Umberto Curi is one of those people whose philosophical ideas have inspired Daniela and Marzia Banci’s works, and has contributed towards making the exhibition Tradition in Modernity more meaningful.
Umberto Curi is emeritus professor of History of Philosophy at the university of Padua. Here is a passage from his conversation with Daniela and Marzia Banci.
How did philosophy enter Umberto Curi’s life?
Since its origins, philosophy has been a form of life, rather than a ‘discipline’.
Do you share Plato’s philosophical thinking, which is found in all your books?
Plato is certainly the author I find more productive dealing with. However, I never identify myself with him completely, precisely because Plato teaches us to deal with other people’s ideas in highly critical ways. Polemos – dispute – is therefore the way I deal with Plato.
Plato speaks about art as ‘divine mania’, can you explain this interpretation?
It would take me a very long time.
In short, according to Plato, art places us in contact with a dimension that unfolds beyond the boundaries of sensitivity. It is important to emphasise that in his view, the beauty art seeks has the same function as eros, which also aims at ‘drawing’ from a more perfect reality.
Hegel speaks about fine arts in his Phenomenology of Spirit, placing it at the same level as Religion and Philosophy. What do you think about it?
Hegel spoke (slightly out of turn, perhaps) about ‘the death of art’, precisely because in accomplishing the Absolute Spirit, fine arts are bound to be overcome by religion, which in turn will be overcome by philosophy. But this is a school version of Hegel. In fact, his ideas can’t be framed in arid little formulas..
A new philosophy manual curated by you has recently been published. What are its contents and who is it dedicated to?
Its title is Il coraggio di pensare (Dare to Think, Loesher, 5 volumes, about 3500 pages) and loosely refers to sapere aude – dare to know – a phrase first used by the Roman poet Horace and cited by Kant. It is written for high school students and aims to provide radical innovations to what are generally disappointing philosophy books. Together with my collaborators, I’ve tried to ‘teach how to think’, rather that ‘teach thoughts’. I can’t wait to know if this undoubtedly original approach is appreciated by my colleagues in secondary school and by their students.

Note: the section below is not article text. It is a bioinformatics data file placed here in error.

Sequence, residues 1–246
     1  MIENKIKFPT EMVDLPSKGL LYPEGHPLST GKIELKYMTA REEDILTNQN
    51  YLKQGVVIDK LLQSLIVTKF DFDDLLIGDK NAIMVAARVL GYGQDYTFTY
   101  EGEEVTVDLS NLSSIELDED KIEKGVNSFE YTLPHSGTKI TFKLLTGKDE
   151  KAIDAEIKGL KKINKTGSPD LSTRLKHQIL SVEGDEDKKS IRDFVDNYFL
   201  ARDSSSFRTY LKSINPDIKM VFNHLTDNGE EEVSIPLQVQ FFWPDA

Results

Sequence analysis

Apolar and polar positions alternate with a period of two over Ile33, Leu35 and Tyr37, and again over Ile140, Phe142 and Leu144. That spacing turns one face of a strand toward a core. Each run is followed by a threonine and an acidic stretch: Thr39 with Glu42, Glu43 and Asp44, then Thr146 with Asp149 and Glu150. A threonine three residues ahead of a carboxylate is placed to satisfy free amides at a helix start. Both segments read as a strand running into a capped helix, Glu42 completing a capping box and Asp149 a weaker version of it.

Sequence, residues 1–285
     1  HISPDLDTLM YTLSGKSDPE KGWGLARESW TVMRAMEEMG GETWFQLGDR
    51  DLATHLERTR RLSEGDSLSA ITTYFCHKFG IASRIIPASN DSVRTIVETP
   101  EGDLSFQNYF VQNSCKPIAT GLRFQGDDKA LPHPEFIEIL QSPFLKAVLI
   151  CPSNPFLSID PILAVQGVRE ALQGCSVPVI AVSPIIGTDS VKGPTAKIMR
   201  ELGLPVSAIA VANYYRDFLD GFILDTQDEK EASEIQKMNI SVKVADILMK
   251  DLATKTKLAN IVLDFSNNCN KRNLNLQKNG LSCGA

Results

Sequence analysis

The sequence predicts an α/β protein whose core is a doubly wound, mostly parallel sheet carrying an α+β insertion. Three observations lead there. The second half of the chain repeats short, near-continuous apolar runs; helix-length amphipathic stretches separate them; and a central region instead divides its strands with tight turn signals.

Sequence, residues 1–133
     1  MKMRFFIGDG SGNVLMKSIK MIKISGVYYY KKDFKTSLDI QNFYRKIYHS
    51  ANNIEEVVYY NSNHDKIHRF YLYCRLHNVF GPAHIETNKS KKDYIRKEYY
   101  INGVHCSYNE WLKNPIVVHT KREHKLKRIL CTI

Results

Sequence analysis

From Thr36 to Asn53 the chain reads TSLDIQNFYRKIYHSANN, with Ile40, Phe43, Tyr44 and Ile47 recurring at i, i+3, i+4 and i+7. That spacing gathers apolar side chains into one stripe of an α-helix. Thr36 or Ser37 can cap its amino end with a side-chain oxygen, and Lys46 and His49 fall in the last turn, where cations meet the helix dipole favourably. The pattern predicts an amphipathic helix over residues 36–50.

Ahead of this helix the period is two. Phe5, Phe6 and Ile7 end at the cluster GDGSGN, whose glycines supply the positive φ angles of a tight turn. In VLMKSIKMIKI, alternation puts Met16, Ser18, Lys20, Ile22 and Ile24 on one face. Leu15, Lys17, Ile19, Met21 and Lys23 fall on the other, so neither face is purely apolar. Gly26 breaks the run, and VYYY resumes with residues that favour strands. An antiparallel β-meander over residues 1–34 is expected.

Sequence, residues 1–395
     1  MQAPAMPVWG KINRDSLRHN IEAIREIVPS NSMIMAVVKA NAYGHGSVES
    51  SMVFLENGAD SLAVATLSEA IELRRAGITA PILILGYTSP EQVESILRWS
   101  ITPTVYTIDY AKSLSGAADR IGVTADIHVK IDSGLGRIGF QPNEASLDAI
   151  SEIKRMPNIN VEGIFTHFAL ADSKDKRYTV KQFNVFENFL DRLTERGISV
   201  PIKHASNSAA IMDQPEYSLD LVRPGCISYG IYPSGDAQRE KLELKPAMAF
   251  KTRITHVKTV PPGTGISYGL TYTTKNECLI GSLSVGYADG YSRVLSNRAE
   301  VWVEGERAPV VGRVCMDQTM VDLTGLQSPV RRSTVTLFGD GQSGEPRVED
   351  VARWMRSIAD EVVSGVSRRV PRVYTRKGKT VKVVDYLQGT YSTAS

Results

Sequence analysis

What form should a project have to spread philosophical thought valid today?
The manual I spoke about in my previous reply aims at spreading philosophical thought. We shouldn’t forget that Italy is the only country in the world where the study of philosophy is compulsory in the first three years of high school. In other countries, philosophy either isn’t part of the curriculum, or it is an optional subject (as in Great Britain) to treat problems and restricted to the last year of school (as in France). In my opinion, the problem is there aren’t suitable instruments for the role played by philosophy in schools. I’d be rude to say that this manual intends to fill this gap.
Where do philosophy and goldsmithing meet?
I’d say that research is essential in both. I’m no golsmithing expert. However, the Banci sisters’ jewels are not simple displays of beautiful things, they actually strive to uncover beauty, to produce it even where we don’t expect to find it. And then there’s another surprising link between the two. Jewels are made to be worn. Gazing at them isn’t enough. They become jewels once worn. Something similar happens in philosophy, which doesn’t mean studying a philosopher or repeating a formula mindlessly. I must adapt it to myself for it to be true philosophy. It must become part of me. Just like I wear jewellery in order for precious metals to become true jewels, so I have to make philosophy a way of life to emphasise its peculiarity.